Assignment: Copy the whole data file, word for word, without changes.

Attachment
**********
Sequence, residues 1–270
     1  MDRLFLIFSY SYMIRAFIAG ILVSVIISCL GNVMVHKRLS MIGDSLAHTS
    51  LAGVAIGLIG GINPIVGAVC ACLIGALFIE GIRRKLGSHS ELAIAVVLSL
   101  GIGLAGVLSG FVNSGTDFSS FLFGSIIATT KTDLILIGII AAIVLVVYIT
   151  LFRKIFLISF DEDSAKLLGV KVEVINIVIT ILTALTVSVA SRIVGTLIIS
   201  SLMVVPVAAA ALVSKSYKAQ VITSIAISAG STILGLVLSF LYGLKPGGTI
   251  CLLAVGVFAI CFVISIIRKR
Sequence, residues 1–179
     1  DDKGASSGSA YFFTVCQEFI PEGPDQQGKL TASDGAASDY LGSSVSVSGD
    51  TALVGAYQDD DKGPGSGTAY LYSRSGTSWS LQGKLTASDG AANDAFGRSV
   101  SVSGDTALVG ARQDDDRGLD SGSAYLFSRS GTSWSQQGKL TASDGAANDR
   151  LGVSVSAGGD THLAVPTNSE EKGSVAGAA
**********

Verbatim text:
Sequence, residues 1–270
     1  MDRLFLIFSY SYMIRAFIAG ILVSVIISCL GNVMVHKRLS MIGDSLAHTS
    51  LAGVAIGLIG GINPIVGAVC ACLIGALFIE GIRRKLGSHS ELAIAVVLSL
   101  GIGLAGVLSG FVNSGTDFSS FLFGSIIATT KTDLILIGII AAIVLVVYIT
   151  LFRKIFLISF DEDSAKLLGV KVEVINIVIT ILTALTVSVA SRIVGTLIIS
   201  SLMVVPVAAA ALVSKSYKAQ VITSIAISAG STILGLVLSF LYGLKPGGTI
   251  CLLAVGVFAI CFVISIIRKR
Sequence, residues 1–179
     1  DDKGASSGSA YFFTVCQEFI PEGPDQQGKL TASDGAASDY LGSSVSVSGD
    51  TALVGAYQDD DKGPGSGTAY LYSRSGTSWS LQGKLTASDG AANDAFGRSV
   101  SVSGDTALVG ARQDDDRGLD SGSAYLFSRS GTSWSQQGKL TASDGAANDR
   151  LGVSVSAGGD THLAVPTNSE EKGSVAGAA